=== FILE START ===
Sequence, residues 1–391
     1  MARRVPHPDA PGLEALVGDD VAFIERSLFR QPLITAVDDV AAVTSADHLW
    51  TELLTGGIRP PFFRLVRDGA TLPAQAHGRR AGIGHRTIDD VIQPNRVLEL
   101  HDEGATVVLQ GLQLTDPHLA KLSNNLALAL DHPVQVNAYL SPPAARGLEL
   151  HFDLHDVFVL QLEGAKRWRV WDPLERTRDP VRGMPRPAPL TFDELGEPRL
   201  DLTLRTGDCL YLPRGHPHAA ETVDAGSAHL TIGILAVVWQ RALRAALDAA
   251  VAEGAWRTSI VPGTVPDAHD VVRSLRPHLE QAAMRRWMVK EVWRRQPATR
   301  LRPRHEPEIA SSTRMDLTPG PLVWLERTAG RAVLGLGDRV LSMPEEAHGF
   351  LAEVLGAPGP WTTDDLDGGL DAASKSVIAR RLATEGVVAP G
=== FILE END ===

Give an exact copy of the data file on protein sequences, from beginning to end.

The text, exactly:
Sequence, residues 1–391
     1  MARRVPHPDA PGLEALVGDD VAFIERSLFR QPLITAVDDV AAVTSADHLW
    51  TELLTGGIRP PFFRLVRDGA TLPAQAHGRR AGIGHRTIDD VIQPNRVLEL
   101  HDEGATVVLQ GLQLTDPHLA KLSNNLALAL DHPVQVNAYL SPPAARGLEL
   151  HFDLHDVFVL QLEGAKRWRV WDPLERTRDP VRGMPRPAPL TFDELGEPRL
   201  DLTLRTGDCL YLPRGHPHAA ETVDAGSAHL TIGILAVVWQ RALRAALDAA
   251  VAEGAWRTSI VPGTVPDAHD VVRSLRPHLE QAAMRRWMVK EVWRRQPATR
   301  LRPRHEPEIA SSTRMDLTPG PLVWLERTAG RAVLGLGDRV LSMPEEAHGF
   351  LAEVLGAPGP WTTDDLDGGL DAASKSVIAR RLATEGVVAP G